IN THE HIGH COURT OF BOMBAY
Criminal Writ Petition No. 1036 of 2018
Decided On: 15.02.2019
Akash Rashtrapal Deshpande
State of Maharashtra
Hon’ble Judges/Coram: S.B. Shukre and S.M. Modak, JJ.
1. Rule. Rule made returnable forthwith. Heard the learned Counsel for the parties finally by consent.
2. The issue involved in this petition is about running of sentences of imprisonment inflicted on these two petitioners. There is a general rule to run the sentences consecutively. But, the Court has got power to direct the sentences to run concurrently.
3. Both these petitioners being convicted in different robbery cases by Magistrate Courts are praying for direction to run their sentences concurrently. Petitioner Nos. 1 & 2 both were tried jointly and convicted in all seven cases, whereas, petitioner No. 1 was tried individually in one case. Both were tried in four cases by the Chief Judicial Magistrate, Bhandara, whereas in two cases, both were tried together by the Judicial Magistrate First Class, Tumsar and in one case, petitioner No. 1 was tried by the Judicial Magistrate First Class, Tumsar. For better understanding, the details of these cases are given below in the mentioned chart.
Sr. No. Court’s Name R.C.C. No. Date of Judgment Conviction under Section Punishment Name of the accused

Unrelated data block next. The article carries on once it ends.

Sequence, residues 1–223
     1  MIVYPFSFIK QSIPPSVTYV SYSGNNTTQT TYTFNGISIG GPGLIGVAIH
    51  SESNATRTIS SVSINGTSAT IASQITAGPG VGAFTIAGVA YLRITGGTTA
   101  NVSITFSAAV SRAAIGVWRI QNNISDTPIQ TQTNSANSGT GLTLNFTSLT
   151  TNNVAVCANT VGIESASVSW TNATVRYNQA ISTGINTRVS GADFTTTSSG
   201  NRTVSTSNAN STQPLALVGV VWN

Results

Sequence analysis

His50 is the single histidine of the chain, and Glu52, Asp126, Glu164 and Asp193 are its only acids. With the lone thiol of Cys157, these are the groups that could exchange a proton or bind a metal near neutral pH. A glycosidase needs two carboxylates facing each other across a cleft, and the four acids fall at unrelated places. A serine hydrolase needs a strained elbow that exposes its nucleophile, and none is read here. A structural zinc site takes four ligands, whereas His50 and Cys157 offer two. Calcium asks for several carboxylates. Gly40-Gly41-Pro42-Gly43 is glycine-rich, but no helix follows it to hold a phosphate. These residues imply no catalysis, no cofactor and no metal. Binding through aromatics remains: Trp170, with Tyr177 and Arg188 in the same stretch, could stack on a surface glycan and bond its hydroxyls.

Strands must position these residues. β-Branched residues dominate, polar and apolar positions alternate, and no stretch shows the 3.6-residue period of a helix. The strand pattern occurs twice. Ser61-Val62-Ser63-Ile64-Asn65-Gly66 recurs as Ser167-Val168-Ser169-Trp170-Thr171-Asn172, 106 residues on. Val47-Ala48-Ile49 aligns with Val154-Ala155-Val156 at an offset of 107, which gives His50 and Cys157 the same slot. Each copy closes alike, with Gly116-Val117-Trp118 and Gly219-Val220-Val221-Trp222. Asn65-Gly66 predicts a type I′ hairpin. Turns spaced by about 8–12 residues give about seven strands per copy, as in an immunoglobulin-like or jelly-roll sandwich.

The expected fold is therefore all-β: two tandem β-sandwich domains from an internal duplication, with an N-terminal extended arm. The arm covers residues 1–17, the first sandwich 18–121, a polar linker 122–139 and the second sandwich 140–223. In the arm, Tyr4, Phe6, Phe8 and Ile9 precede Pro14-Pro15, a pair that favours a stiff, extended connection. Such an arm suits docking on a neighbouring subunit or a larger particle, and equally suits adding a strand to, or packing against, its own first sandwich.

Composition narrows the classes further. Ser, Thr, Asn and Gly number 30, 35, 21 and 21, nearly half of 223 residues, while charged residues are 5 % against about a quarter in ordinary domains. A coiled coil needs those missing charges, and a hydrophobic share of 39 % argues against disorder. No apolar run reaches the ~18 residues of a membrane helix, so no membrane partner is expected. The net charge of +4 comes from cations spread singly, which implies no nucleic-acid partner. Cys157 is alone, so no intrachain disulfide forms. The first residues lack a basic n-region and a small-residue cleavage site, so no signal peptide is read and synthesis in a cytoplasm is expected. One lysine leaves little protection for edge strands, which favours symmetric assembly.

1 Tumsar 125/2016 15/11/2017 392 IPC R.I. for 3 Yrs. with fine Rs. 5000/- I/d S.I. for 6 months Akash Deshpande
2 Tumsar 25/2017 15/11/2017 392 R/W 34 IPC R.I. for 3 Yrs. with fine Rs. 5000/- each I/d S.I. for 6 months Nikunj Sadhawani Akash Deshpande
3 Tumsar 26/2017 15/11/2017 392 R/W 34 IPC R.I. for 3 Yrs. with fine Rs. 5000/- each I/d S.I. for 6 months Nikunj Sadhawani Akash Deshpande
4 CJM Bhandara 31/2017 03/05/2018 392 R/W 34 IPC R.I. for 3 Yrs. with fine Rs. 10000/- each I/d R.I. for 3 months Nikunj Sadhawani Akash Deshpande
5 CJM Bhandara 33/2017 05/05/2018 392 R/W 34 IPC R.I. for 3 Yrs. with fine Rs. 10000/- each I/d R.I. for 3 months Nikunj Sadhawani Akash Deshpande
6 CJM Bhandara 34/2017 03/05/2018 392 R/W 34 IPC R.I. for 3 Yrs. with fine Rs. 10000/- each I/d R.I. for 3 months Nikunj Sadhawani Akash Deshpande
7 CJM Bhandara 35/2017 04/05/2018 393 R/W 34 IPC R.I. for 3 Yrs. with fine Rs. 10000/- each I/d R.I. for 3 months Nikunj Sadhawani Akash Deshpande
8 CJM Bhandara 36/2017 04/05/2018 392 R/W 34 IPC R.I. for 3 Yrs. with fine Rs. 10000/- each I/d R.I. for 3 months Nikunj Sadhawani Akash Deshpande
4. The petitioners heavily relied upon the provisions of Section 427 of the Code of Criminal Procedure. They also relied upon the judgment in case of Abidkhan @ Salman Mukhtar Khan Pathan vs. State of Maharashtra, reported in MANU/MH/0954/2013 : 2014 ALL Mr. (Cri.) 1719, whereas the State insisted on consecutive running of sentences in view of chargesheets arising out of different incidents, time, places and victims.
PROVISIONS OF SECTION 427 OF CR.P.C.: